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Kidnapping is the taking of another person using force or fear, a substantial distance (also called asportation), without consent.  The defendant must have the belief that the person being taken did not consent.  If the person being taken did consent, freely and voluntarily, or the defendant reasonably believed the person consented, no kidnapping has occurred. 

The distance that is required to satisfy the element of asportation does not need to be much.  Substantial distance is defined as more than slight or trivial.  Grabbing onto someone’s arm in the store and making him or her take one step would not be considered a kidnapping (however, can still be a battery, assault or even attempted kidnapping if any prior intent to kidnap can be established). 

One of the main defenses to kidnapping is consent.  In order to establish consent, the person must have done so voluntarily.  If there are threats made towards this person and they give in, that is not consent.  If the person is unconscious or in some states below a certain age, they are considered incapable of consent, and therefore can never give consent legally, making this defense unavailable (but may also be an aggravating or mitigating factor depending on the circumstances). 

Another possibility is that the defendant had the reasonable belief that the person taken gave consent.  The key word for this is “reasonable”.  Reasonable is always adjudged by what a reasonable person would believe – this is generally something a jury would decide.  So, if a defendant says “want to go with me” and the victim states “yes” and volitionally goes with them, a reasonable person would think consent were given.  However, if a defendant says “want to go with me”, while pointing a gun at their child, and the victim says “yes”, a reasonable person would not think that to be consent.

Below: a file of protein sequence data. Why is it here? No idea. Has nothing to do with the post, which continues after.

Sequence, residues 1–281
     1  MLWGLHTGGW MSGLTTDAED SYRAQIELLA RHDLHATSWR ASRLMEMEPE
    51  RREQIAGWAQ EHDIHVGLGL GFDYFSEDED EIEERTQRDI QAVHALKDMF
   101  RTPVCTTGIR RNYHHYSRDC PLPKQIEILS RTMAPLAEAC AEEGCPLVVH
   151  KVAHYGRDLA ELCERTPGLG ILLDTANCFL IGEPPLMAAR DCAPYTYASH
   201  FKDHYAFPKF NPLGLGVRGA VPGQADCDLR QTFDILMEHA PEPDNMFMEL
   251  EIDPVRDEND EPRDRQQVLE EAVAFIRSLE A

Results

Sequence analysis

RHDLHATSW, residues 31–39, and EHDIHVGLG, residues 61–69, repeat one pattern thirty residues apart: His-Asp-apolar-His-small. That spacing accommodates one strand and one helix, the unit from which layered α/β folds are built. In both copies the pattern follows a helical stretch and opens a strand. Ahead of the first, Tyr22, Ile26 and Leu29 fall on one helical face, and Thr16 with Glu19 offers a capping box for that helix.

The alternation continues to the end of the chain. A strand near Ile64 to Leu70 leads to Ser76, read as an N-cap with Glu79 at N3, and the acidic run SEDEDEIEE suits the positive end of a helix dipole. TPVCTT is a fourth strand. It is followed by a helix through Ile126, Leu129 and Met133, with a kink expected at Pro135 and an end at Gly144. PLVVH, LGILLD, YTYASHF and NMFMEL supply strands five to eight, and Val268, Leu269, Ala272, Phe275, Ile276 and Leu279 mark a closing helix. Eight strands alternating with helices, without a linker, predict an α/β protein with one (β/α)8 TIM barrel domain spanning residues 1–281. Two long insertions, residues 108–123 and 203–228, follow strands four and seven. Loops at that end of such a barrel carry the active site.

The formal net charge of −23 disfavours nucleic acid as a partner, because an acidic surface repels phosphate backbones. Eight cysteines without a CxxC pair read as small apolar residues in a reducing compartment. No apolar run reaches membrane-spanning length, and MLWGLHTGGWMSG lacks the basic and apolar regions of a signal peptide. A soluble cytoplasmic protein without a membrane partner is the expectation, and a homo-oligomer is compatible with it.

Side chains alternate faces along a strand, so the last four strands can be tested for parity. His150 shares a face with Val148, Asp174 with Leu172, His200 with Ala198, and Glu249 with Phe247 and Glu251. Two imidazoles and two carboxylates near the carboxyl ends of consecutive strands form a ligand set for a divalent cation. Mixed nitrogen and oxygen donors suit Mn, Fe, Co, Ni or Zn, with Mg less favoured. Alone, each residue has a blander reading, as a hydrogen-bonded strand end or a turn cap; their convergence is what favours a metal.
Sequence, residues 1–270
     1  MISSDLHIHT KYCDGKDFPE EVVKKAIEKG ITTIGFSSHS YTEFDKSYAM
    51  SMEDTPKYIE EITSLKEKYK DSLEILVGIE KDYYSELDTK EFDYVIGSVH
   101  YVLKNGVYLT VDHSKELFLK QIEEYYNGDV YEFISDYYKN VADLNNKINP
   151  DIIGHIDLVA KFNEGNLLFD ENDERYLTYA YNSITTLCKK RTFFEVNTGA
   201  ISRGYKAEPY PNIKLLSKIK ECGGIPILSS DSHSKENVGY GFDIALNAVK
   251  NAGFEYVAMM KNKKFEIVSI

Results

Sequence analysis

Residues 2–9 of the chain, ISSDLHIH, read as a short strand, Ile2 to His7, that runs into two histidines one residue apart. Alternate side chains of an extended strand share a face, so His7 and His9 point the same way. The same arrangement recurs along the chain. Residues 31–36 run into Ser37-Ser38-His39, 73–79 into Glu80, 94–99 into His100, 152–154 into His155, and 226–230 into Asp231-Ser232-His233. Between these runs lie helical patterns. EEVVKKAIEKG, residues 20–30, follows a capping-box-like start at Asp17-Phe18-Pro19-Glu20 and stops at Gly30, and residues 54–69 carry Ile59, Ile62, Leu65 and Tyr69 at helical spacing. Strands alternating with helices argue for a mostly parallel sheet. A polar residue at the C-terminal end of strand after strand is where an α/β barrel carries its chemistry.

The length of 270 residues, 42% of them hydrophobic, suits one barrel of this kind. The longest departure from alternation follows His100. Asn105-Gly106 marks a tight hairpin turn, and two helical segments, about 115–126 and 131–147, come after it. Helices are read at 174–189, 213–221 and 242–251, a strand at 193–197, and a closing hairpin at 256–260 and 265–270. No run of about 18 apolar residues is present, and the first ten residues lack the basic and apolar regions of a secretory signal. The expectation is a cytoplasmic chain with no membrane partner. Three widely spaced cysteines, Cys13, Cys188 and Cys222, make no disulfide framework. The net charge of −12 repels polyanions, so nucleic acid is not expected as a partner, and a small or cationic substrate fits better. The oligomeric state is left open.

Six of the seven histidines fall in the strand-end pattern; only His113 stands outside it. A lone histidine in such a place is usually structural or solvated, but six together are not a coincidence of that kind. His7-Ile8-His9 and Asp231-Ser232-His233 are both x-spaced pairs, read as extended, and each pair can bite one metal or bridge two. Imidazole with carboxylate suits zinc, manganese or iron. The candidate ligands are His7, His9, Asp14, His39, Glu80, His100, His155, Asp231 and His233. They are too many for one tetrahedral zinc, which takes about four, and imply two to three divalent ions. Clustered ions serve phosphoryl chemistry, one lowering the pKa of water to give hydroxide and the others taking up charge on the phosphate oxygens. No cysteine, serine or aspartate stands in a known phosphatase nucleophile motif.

In some states consent can be withdrawn.  In other words, the person being taken after agreeing to go freely and voluntarily, decides they no longer want to go with the defendant.  At that point, if the defendant continues on their journey with the person against their consent, it will become a kidnapping.  Again, this is judged by the reasonable person standard.  If the person agrees to go, decides they do not want to mid-journey, but never conveys this to the defendant, a reasonable person would not believe that consent had been actually withdrawn.

Elements and crimes vary from state to state and within the federal system.  If you or someone you know is charged with any crime, as always, you should a criminal defense attorney.  You can always look for your local criminal attorney at

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